Nine states have passed Medical MJ initiatives in the US: Alaska, Arizona, California, Colorado, Hawaii, Maine, Oregon, Nevada and Washington.
Arizona and California voters approved medical marijuana laws in 1996.
Alaska, Oregon and Washington voters approved laws in 1998.
Maine voters approved their medical marijuana initiative in 1999.
Colorado and Nevada voters approved medical marijuana laws in 2000.
Hawaii voters approved their medical marijuana laws in 2000.
District of Columbia voters approved an initiative in 1998 with 69 percent of the vote, but Congress overrode the law.
State Initiatives: A Closer Look
The Alaska proposal allows patients to legally possess up to one ounce of marijuana or cultivate three mature plants for medical use with a doctor's recommendation. Patients are encouraged to enroll in a confidential registry where they will be issued a state identification card indicating they may legally possess medical marijuana. Those who do not register, or who choose to cultivate or possess larger amounts of marijuana than specified by the initiative guidelines, still qualify to raise the affirmative defense of medical necessity against any state criminal charges. Patients who suffer from cancer, glaucoma, HIV positive or AIDS wasting syndrome, cachexia, severe pain, severe nausea, seizures (including epilepsy, muscle spasms and multiple sclerosis), or any other illness approved by the state Department of Health and Social Services are covered under the state law.
Arizona's law states that physicians may prescribe marijuana to patients when they have a second doctor's concurring opinion. However, because the law conflicts with federal law prohibiting doctors from prescribing any Schedule I drug. Few Arizona physicians are willing to recommend marijuana to patients. There are no set limits on how much a patient can cultivate or possess. Patients who suffer debilitating or life threatening conditions are covered under the state law.
California's law allows for the medical use of marijuana for patients who possess a doctor's recommendation and who suffer from cancer, anorexia, AIDS, chronic pain, glaucoma, arthritis, migraine, or any other illness for which marijuana provides relief. The law set no limits on how much marijuana a patient can possess or cultivate. An identification card is not necessary, but some localities have adopted such programs to further protect patients.
Colorado's law allows for the medical use of marijuana for patients who have a doctor's recommendation and who suffer from cancer, glaucoma, AIDS, chronic pain, cachexia, severe nausea and seizures including epilepsy and multiple sclerosis. Patients can possess no more than two ounces of marijuana or cultivate six marijuana plants (three mature). Patients must apply for a medical marijuana identification card.
Hawaii's medical marijuana law allows for the medical use of marijuana for patients who possess a medical recommendation and who suffer from such medical conditions as cancer, glaucoma, HIV/AIDS, a chronic or debilitating disease, wasting syndrome, severe pain, severe nausea, seizures, severe muscle spasms including multiple sclerosis, or any other medical condition approved by the department of health. Patients can possess up to three mature marijuana plants, four immature plants and one ounce of smokeable marijuana per each mature plant. Patients must register annually with the Hawaii Department of Public Safety.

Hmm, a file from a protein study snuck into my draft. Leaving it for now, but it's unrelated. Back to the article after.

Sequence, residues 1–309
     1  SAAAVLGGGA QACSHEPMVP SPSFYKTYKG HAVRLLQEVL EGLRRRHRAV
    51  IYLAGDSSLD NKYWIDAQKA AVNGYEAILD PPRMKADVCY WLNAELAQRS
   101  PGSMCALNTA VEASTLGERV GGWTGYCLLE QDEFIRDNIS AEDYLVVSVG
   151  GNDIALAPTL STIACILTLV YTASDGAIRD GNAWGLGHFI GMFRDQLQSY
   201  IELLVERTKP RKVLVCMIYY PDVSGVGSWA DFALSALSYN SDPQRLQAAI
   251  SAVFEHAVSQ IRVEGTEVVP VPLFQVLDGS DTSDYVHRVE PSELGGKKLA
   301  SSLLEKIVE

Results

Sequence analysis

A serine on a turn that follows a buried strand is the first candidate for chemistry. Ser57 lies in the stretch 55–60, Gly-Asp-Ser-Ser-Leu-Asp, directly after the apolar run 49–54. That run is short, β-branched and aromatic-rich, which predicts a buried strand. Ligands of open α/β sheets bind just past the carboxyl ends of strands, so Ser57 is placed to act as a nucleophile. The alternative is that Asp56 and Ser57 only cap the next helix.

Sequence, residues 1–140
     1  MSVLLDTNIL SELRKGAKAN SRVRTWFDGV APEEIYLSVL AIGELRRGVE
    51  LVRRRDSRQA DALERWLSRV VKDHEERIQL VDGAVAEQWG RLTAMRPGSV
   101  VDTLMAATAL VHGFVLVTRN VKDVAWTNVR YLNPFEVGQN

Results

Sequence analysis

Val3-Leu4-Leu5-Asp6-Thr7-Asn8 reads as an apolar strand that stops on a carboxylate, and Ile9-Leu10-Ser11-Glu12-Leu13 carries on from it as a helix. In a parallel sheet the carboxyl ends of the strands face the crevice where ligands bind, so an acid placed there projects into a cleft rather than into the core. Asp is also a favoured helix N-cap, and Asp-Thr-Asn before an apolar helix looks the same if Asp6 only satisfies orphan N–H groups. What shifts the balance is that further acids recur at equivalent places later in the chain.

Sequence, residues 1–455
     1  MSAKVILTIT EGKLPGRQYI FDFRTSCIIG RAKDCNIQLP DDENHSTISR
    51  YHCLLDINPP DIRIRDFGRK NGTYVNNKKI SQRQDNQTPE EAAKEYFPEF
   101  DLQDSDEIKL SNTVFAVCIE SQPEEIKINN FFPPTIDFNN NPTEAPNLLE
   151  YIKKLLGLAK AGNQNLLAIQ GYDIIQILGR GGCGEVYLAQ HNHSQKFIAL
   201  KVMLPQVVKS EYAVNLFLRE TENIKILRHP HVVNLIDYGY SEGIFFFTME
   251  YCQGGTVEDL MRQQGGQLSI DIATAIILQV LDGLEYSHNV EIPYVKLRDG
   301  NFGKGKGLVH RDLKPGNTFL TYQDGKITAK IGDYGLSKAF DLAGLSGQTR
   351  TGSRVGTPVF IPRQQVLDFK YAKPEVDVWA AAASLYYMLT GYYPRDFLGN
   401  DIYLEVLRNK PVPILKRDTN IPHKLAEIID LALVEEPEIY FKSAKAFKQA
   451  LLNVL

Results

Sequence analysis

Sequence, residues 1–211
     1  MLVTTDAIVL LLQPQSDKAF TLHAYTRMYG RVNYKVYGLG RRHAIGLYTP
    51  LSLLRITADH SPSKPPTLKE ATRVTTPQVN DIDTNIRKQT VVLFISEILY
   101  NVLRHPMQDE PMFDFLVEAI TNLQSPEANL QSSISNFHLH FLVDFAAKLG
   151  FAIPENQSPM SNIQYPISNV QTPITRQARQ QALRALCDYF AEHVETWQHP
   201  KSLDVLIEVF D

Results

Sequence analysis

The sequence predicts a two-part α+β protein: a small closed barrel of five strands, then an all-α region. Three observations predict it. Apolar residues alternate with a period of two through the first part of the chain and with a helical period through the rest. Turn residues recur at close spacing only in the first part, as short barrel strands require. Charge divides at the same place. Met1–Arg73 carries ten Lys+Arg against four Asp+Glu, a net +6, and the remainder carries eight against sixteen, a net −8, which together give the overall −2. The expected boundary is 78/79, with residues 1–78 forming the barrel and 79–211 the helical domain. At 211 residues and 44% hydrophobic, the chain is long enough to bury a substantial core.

The Maine medical marijuana law permits patients who have a medical recommendation from a doctor to legally smoke and possess marijuana. Patients who suffer from persistent nausea, vomiting, wasting syndromes or loss of appetite as a result of AIDS or chemotherapy for cancer, glaucoma and seizures associated with chronic, debilitating diseases such as multiple sclerosis are covered under the state law. Patients are allowed to possess up to 2.5 ounces of marijuana or six marijuana plants (no more than three mature).
The Nevada medical marijuana law allows patients to use marijuana legally upon the recommendation of a doctor. Patients who suffer from cancer, glaucoma, AIDS, severe persistent nausea or cachexia resulting from these or other chronic or debilitating medical conditions, epilepsy and other disorders characterized by seizures and multiple sclerosis and other disorders characterized by spasticity are covered under the state law. The law provides for a confidential patients registry. Limits have not been determined as to how much a patient can possess.
The Oregon Medical Marijuana Act permits state registered patients who have received a physician's recommendation qualify to lawfully possess up to one ounce of marijuana or cultivate up to three mature plants. Patients who suffer from cancer, glaucoma, HIV positive or AIDS, cachexia, severe pain, severe nausea, seizures including but not limited to multiple sclerosis, or any other medical condition approved by the Health Division of the Oregon Department of Human Resources are covered under the state law. Non-registered patients, or those possessing greater amounts of medical marijuana, may assert the affirmative defense against criminal marijuana charges.
Washington's medical marijuana law allows patients who have a doctor's recommendation to possess up to a 60-day supply of marijuana. Patients who suffer from cancer, HIV/AIDS, multiple sclerosis, epilepsy or other seizure or spasticity disorders, intractable pain, glaucoma, Crohn's disease, or any other medical condition approved by the Washington State Medical Quality Assurance Board are covered under the state law.
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